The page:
Meryl brings her own warmth to the room. Betty-Ann Fry, who has lived at Foss since 2020, lets Meryl put her feet on her lap and sweet-talks the dog with names like “baby girl” and “my princess.” On a bulletin board, Fry has created a small shrine with photographs of Meryl. “Meryl-grams,” McKinney calls them: Meryl-themed greeting cards that she started sending to residents during the pandemic, and now sends over holidays. 

Dogs have always been McKinney’s “steadying factor,” through bouts of depression, anxiety and periods of healing from childhood trauma, she said. It made perfect sense to share Meryl’s light with others.

“She seems really drawn to people that are in crisis or are feeling off-balance,” McKinney said. “She just completes a connection. And almost without fail, the people that she comes in contact with say ‘I really needed that.’ ”

All the unknowns

How do these deeply held beliefs and personal experiences with animals, ones that many struggle to put into words, match up with what science tells us? 

Research doesn’t offer a simple story, like “dogs make us happy.” 

“Those who need that hardcore evidence are less willing to accept that little bit of unknown that is still out there,” said Phyllis Erdman, executive associate dean for academic affairs in the College of Education at Washington State University. 

Erdman’s interest in the relationships between animals and humans began in the 1980s when she was pursuing her doctoral degree in counseling. But she didn’t pursue formal work in the field until 2008.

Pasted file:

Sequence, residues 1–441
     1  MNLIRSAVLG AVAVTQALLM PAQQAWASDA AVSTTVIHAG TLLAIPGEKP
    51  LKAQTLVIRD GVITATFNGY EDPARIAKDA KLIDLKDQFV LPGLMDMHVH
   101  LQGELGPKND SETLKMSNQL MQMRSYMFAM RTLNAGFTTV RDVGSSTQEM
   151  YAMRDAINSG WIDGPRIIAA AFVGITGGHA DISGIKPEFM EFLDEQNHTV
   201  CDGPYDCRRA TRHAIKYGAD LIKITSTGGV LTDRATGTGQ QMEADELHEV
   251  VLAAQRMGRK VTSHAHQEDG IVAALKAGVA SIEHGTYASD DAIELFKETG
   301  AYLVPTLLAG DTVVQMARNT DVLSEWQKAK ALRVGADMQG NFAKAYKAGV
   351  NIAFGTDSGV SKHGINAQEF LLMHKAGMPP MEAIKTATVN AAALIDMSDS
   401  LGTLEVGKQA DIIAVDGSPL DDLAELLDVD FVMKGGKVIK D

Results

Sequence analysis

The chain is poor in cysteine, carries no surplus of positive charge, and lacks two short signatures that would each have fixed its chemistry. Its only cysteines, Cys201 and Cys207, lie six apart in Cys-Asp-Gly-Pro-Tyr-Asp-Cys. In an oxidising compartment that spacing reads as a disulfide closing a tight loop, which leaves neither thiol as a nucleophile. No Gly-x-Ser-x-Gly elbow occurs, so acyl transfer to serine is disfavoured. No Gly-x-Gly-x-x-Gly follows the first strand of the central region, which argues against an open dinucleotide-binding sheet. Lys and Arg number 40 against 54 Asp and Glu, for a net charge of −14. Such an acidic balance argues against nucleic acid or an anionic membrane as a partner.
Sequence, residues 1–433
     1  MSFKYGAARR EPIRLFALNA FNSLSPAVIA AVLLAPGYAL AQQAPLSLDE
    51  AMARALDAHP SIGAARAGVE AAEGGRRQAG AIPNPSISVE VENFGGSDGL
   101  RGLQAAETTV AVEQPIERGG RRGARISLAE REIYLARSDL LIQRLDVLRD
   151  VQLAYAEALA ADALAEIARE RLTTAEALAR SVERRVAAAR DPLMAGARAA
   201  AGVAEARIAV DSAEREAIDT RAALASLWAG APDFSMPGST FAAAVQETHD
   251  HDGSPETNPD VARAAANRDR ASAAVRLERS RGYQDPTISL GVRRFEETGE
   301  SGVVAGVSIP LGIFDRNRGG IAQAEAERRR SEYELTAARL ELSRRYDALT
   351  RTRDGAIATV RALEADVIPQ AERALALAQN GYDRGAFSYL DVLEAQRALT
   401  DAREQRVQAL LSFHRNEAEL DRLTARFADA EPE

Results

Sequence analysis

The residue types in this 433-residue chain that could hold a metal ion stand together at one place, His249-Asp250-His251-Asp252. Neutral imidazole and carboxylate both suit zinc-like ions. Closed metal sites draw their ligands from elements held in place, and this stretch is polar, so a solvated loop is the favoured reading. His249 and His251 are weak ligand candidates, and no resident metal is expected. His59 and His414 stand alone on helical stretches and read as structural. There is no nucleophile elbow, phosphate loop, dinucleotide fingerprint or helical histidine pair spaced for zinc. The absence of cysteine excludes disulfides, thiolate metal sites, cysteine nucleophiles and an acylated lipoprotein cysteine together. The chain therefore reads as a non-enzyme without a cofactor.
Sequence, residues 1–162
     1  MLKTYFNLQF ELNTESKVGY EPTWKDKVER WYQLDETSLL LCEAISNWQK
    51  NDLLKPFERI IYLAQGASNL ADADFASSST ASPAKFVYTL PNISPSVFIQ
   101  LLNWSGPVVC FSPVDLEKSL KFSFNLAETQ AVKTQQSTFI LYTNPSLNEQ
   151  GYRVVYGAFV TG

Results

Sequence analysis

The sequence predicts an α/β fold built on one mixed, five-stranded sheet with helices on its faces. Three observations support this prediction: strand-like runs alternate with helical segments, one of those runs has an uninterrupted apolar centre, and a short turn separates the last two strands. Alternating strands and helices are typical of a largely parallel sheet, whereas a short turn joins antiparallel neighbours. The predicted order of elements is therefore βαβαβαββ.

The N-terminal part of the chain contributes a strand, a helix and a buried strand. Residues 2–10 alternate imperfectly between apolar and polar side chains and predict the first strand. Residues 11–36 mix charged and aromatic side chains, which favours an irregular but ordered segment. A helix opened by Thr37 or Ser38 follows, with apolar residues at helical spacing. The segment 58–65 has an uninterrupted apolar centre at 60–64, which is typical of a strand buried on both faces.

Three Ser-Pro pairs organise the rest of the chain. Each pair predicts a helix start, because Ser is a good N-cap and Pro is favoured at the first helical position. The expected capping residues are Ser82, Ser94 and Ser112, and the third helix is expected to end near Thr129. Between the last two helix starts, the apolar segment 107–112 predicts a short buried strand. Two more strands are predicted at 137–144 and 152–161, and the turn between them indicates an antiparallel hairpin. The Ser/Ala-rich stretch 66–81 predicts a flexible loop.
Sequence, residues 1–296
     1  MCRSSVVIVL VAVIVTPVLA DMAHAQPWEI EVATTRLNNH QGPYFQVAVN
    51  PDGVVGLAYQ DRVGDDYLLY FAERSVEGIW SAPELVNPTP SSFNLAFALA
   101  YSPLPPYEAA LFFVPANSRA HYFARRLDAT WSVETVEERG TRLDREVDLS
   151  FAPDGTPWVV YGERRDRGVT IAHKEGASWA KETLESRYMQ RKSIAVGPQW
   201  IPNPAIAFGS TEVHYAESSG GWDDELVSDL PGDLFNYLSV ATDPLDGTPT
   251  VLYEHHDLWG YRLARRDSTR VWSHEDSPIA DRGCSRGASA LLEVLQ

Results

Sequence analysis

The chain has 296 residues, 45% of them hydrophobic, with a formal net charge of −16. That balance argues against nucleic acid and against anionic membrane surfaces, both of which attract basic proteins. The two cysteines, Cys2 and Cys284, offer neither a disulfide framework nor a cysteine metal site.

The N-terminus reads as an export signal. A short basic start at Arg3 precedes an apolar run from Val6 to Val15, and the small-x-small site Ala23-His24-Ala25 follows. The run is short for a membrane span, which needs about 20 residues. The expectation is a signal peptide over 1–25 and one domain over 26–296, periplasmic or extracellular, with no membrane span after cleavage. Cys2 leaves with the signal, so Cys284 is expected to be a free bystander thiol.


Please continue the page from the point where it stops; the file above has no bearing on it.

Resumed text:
At that point, a broader academic field devoted to the topic — what’s now called human-animal interaction and encompasses corners of the psychology, anthrozoology, biomedical and other fields — was only just beginning to pick up steam, Erdman said. At WSU in the mid 2000s, she’d gather six or seven colleagues at her house to talk about possible research avenues. “You kind of had to find your own way.”

In the years that followed, researchers began pursuing studies on a vast range of topics. The role of animals in developing empathy. How we process our grief when pets die. How interacting with animals affects stress, blood pressure and the immune system.

The past few years have been marked by a new level of rigor, and in some cases, support for long-held theories about our relationships with animals, experts say, in large part because there’s more interest in funding this research. A recent study in the Journal of Clinical Child & Adolescent Psychology, for instance, shows children who interact with a dog they don’t know have a better mood and less anxiety than those who don’t. There’s growing evidence for some positive benefits of animal interactions on older adults, too.